removed that I started getting the processor problem. I am working on 
patching my kernel to have the string matching and other new iptables 
features to limit the virus traffic but I would like to figure the 
Processor problem out as I am working on moving everything to the 2.6 
kernel when RedHat finalizes their release.

I am not familular with many of the logging features of postgres just 
the outputing the output to a file instead of /dev/null.

Benjamin
On Jan 6, 2005, at 5:06 PM, Dave Cramer wrote:
Ben
Well, we need more information
pg version, hardware, memory, etc
you may want to turn on log_duration to see exactly which statement 
is causeing the problem. I'm assuming since it is taking a lot of CPU 
it will take some time to complete( this may not be true)

On your last point, that is where you will get the most optimization, 
but I'd still use log_duration to make sure optimizing the statement 
will actually help.

dave
Ben Bostow wrote:
I'm still relatively new to Postgres. I usually just do SQL 
programming but have found my self having to administer the DB now.  
I have I have a problem on my website that when there is high 
amounts of traffic coming from one computer to my web server. I 
suspect it is because of a virus. But what when I notice this, my 
processor drops to 0.0% idle with postmaster being my highest CPU 
user. Under normal circumstances the processor runs 90% idle or 
10% used. I have tried tuning postgres but it doesn't seem to make 
a difference, unless I am doing something wrong. If I would like to 
find a solution other than rewriting all of my SQL statements and 
creating them to take the least amount of time to process.

---(end of 
broadcast)---
TIP 3: if posting/reading through Usenet, please send an appropriate
 subscribe-nomail command to [EMAIL PROTECTED] so that your
 message can get through to the mailing list cleanly


--
Dave Cramer
http://www.postgresintl.com
519 939 0336
ICQ#14675561


--
Dave Cramer
http://www.postgresintl.com
519 939 0336
ICQ#14675561
---(end of broadcast)---
TIP 8: explain analyze is your friend


Re: [PERFORM] Problems with high traffic

2005-01-06 Thread Ben Bostow
I know 7.2 is old I'm trying to fix this in the mean time moving 
everything to the latest Linux software when RedHat releases the 
enterprise with 2.6. Postgres complains about log_duration and 
log_statement are they a different name under 7.2? Is there 
documentation on the type of logging the postgres can do? I can't seem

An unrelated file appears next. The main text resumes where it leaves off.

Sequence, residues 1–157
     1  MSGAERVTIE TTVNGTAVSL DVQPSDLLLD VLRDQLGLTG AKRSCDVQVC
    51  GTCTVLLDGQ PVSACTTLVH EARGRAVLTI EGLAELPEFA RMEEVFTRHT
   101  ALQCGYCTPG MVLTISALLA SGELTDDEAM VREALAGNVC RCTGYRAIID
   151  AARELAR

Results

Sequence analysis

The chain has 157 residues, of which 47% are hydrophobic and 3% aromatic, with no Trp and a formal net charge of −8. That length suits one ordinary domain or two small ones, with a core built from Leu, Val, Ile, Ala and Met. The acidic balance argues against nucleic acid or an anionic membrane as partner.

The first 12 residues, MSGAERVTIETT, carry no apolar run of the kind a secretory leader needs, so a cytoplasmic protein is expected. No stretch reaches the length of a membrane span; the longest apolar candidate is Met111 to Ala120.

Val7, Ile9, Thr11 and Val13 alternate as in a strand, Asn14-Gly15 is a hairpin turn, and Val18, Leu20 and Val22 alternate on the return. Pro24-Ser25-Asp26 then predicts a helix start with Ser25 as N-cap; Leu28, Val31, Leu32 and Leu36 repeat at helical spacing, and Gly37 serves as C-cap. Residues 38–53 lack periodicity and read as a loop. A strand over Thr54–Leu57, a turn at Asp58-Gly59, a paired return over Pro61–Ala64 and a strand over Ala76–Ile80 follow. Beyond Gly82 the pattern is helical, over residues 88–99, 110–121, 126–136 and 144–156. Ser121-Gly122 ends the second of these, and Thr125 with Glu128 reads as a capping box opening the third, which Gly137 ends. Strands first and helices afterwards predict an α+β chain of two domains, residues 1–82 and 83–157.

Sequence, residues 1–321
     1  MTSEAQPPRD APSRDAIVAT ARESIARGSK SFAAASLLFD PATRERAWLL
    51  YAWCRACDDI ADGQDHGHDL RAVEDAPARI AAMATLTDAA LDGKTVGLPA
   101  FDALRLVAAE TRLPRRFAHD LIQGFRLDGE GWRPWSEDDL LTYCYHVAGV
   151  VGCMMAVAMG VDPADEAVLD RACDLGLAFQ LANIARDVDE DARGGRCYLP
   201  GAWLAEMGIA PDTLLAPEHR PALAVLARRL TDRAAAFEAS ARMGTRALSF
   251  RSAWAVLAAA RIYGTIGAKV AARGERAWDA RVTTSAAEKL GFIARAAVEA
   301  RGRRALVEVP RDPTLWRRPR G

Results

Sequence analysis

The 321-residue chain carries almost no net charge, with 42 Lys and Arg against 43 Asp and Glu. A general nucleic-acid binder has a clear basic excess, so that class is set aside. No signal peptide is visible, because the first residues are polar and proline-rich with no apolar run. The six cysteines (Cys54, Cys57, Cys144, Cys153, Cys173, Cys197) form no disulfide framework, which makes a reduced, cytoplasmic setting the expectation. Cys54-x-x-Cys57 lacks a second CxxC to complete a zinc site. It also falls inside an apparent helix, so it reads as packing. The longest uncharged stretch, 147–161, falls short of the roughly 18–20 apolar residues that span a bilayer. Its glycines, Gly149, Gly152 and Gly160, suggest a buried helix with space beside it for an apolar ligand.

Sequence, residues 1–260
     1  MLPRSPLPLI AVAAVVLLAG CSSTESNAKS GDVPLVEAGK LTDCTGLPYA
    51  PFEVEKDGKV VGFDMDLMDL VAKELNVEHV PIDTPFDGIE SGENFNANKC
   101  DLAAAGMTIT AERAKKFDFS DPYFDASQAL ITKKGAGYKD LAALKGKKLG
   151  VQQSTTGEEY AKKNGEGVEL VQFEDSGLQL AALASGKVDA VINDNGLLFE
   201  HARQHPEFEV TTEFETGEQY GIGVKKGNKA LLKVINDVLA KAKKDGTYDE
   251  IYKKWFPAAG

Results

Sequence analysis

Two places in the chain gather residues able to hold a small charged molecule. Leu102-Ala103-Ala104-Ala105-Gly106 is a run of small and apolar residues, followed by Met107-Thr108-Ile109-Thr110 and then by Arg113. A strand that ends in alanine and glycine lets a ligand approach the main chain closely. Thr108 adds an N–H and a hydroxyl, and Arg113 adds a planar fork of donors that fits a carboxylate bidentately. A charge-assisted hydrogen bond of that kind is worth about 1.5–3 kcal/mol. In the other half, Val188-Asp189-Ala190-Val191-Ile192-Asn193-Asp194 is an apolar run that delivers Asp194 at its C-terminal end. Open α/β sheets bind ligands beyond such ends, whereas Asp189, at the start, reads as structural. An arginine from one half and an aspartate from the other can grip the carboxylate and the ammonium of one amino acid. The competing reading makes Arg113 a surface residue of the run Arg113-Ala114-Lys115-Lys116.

to find it in the 7.2 docs. If you know of any good resources for 
Postgres in administering and tuning I would like to know.

Benjamin
On Jan 6, 2005, at 5:32 PM, Dave Cramer wrote:
Ben,
Hmmm... ok 7.2.4 is quite old now and log_duration doesn't exist in 
the logging. You will see an immediate performance benefit just by 
moving to 7.4.x, but I'll bet that's not a reasonable path for you.

in postgresql.conf you can change the logging to:
log_pid=true
log_duration=true
log_statement=true
syslog=2  ; to log to syslog
Then in syslogd.conf
add local0.none to the /var/log/messages  line to stop logging to 
messages
redirect local0.* to /var/log/postgres ; this step isn't really 
necesssary but will keep postgres logs separate

HUP syslogd
restart postgres
Then you should be able to see which statements are taking the longest.
Why do random hits to your web server cause postgres activity? Is your 
site dynamically created from the database ?

Dave
Ben Bostow wrote:
I am running postgresql 7.2.4-5.73, Dual P4, 1GB Ram. The big problem 
is that I redirect all internal port 80 traffic to my web server so I 
see all traffic whether it is a virus or not and intended for my 
server or not. I originally had a problem with running out of memory 
but I found a bug in my software that kept the DB connection open so 
the next time a new connection was made on top of that. As soon as I 
removed that I started getting the processor problem. I am working on 
patching my kernel to have the string matching and other new iptables 
features to limit the virus traffic but I would like to figure the 
Processor problem out as I am working on moving everything to the 2.6 
kernel when RedHat finalizes their release.

I am not familular with many of the logging features of postgres just 
the outputing the output to a file instead of /dev/null.

Benjamin
On Jan 6, 2005, at 5:06 PM, Dave Cramer wrote:
Ben
Well, we need more information
pg version, hardware, memory, etc
you may want to turn on log_duration to see exactly which statement 
is causeing the problem. I'm assuming since it is taking a lot of 
CPU it will take some time to complete( this may not be true)

On your last point, that is where you will get the most 
optimization, but I'd still use log_duration to make sure optimizing 
the statement will actually help.

dave
Ben Bostow wrote:
I'm still relatively new to Postgres. I usually just do SQL 
programming but have found my self having to administer the DB now. 
 I have I have a problem on my website that when there is high 
amounts of traffic coming from one computer to my web server. I 
suspect it is because of a virus. But what when I notice this, my 
processor drops to 0.0% idle with postmaster being my highest CPU 
user. Under normal circumstances the processor runs 90% idle or 
10% used. I have tried tuning postgres but it doesn't seem to make